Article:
A newly-released toxicology report shows a quintuple murder suspect had a mix of substances in his system, including marijuana and fentanyl, the night he’s accused of intentionally crashing into a carload of teenagers from Vermont’s Harwood Union school district, killing all five of them.
However, the head prosecutor for Chittenden County says that report is “irrelevant” to her case.
Eli Brookens, 16, of Waterbury, Janie Chase Cozzi, 15, of Fayston, Liam Hale, 16, of Fayston, Mary Harris, 16, of Moretown, and Cyrus Zschau, 16, of Moretown were killed last October on Interstate 89 in Williston as they headed home from a concert.
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Childhood friends, Brookens, Hale, Harris, and Zschau attended Harwood Union High School in Duxbury, and Chase Cozzi was a student at Kimball Union Academy in Meriden, New Hampshire.
The teens have been remembered as positive, upbeat kids who loved the outdoors and who brought joy to their many friends, relatives, and neighbors.
Steven Bourgoin, 37, pleaded not guilty to the deaths of the five students, and is in jail as the case against him proceeds. Late last year, Bourgoin’s defense did not contest whether he was competent to stand trial.
Despite this week’s release of the toxicology scan, Chittenden County State’s Attorney Sarah George told necn those drug findings actually don’t mean much at all to her.
“We believe that the actions he took that night were all extremely intentional and had nothing to do with anything in his system,” George said Tuesday.
George’s office charged Bourgoin with five counts of second-degree murder, believing he knew full well he could’ve badly hurt someone that night in October 2016 when he got on I-89 heading the wrong way into Williston.
Prosecutors have described Bourgoin as mentally erratic and said it was his foreclosure and financial troubles, a pending domestic assault charge, and a dispute over child custody that sent the suspect over the edge, not the marijuana or any of the other substances that were revealed in the toxicology scan.
“He was in a really bad place and felt like he nothing left to live for,” George said.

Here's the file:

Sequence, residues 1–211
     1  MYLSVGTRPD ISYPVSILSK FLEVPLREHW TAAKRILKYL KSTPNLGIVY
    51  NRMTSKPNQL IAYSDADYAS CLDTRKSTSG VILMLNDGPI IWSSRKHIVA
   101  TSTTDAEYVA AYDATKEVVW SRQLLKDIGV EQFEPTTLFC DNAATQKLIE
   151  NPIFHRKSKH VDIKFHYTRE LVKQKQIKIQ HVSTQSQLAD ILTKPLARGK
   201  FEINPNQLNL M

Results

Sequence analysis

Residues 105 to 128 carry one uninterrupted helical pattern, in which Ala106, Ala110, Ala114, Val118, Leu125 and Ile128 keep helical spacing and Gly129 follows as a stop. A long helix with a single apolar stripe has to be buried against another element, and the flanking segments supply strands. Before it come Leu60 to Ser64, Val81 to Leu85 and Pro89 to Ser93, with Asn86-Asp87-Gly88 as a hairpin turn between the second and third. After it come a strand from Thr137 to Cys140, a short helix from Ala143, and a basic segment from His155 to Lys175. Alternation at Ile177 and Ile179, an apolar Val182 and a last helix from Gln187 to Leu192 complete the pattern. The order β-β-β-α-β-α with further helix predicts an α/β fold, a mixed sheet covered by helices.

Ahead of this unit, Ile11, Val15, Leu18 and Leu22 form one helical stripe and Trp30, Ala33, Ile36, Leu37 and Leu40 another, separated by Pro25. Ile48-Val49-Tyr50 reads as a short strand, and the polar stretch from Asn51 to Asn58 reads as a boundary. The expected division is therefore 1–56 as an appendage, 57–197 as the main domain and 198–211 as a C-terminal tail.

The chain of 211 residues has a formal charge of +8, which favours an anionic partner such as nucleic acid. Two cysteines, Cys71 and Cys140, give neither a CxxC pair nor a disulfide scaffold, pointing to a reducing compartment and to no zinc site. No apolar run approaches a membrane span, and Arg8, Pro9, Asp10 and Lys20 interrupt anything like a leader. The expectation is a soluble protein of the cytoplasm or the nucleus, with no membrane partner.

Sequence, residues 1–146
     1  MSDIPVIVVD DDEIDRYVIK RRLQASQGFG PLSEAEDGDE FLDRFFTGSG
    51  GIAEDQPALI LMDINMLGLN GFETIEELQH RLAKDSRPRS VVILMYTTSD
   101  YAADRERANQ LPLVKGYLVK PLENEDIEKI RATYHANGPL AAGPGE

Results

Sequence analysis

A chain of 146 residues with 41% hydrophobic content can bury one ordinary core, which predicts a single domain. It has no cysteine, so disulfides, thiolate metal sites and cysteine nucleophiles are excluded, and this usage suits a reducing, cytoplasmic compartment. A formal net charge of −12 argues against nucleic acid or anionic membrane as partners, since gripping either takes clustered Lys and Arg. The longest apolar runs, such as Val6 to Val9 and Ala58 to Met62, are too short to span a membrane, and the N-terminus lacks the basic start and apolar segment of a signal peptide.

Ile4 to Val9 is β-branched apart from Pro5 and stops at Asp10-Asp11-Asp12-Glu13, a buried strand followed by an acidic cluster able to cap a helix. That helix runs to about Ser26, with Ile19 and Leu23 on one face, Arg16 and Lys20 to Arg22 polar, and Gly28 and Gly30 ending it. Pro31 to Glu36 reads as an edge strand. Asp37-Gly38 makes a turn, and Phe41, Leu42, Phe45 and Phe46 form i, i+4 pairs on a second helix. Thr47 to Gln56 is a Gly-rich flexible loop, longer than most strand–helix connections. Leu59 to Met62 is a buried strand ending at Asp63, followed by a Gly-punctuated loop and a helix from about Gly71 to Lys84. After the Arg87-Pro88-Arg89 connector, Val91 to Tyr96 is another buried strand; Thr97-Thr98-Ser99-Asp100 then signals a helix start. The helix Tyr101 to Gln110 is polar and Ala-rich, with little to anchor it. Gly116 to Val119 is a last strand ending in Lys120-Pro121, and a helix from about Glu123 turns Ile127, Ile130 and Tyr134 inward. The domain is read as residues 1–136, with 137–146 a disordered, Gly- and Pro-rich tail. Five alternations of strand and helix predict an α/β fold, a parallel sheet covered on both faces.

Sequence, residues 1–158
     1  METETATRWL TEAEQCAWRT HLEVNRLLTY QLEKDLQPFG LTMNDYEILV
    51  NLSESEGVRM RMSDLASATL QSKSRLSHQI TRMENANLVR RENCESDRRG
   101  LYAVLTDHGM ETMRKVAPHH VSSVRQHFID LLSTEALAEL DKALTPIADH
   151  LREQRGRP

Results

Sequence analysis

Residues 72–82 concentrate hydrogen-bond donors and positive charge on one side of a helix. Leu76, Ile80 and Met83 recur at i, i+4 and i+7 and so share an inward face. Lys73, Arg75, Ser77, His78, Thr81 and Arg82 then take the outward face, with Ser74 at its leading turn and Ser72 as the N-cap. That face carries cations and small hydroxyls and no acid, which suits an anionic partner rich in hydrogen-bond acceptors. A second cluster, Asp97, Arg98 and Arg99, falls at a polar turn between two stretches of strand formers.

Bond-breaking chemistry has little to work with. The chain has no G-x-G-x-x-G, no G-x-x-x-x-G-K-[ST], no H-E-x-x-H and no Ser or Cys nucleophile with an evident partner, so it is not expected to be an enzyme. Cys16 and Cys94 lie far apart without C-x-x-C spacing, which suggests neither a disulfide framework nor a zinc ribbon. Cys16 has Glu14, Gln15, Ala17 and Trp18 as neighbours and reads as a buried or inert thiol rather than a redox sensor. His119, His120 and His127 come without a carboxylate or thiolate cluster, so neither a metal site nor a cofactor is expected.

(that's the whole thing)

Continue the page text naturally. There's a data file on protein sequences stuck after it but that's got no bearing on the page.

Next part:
The state’s attorney added that Bourgoin was a regular marijuana user who might not have been impaired to a significant degree the night of the deadly crash.
George said she considers the release of the report by a Vermont State Police public records administrator, which followed multiple requests from veteran Vermont investigative journalist Mike Donoghue and others, a mistake.
“I asked them repeatedly to not release it,” George said, referring to the Vermont State Police. “Because I do believe it’s irrelevant.”
Donoghue reported in VTDigger that Vermont Rep. Ben Joseph, D-North Hero, was among those to push for the release. The retired judge had filed a Vermont public records request and received a copy of the toxicology report on Monday, Donoghue wrote.
“I am just starting to read the report. We had read newspaper accounts that said Bourgoin was under the influence of marijuana and this appears to confirm those news stories,” Joseph said in the VTDigger article.
Joseph said in Donoghue’s reporting that he had asked the state police to release the report because he feared state legislators will vote on possible marijuana legalization next year without knowing about the driver being impaired in the Williston crash.
However, George told necn Tuesday that she opposed the report’s release because she worried public exposure to the toxicology scan could taint the accounts of witnesses to the erratic drive and crash, as well as to a second wild wrong-way trip Bourgoin allegedly took in a stolen police cruiser.
But George added that her staff has promised the families of the five young victims their case is strong, pledging to work tirelessly for justice, always mindful of the vibrant lives lost so suddenly.
George said there are still more depositions to do in this case—both of police officers and witnesses. Those are scheduled for January.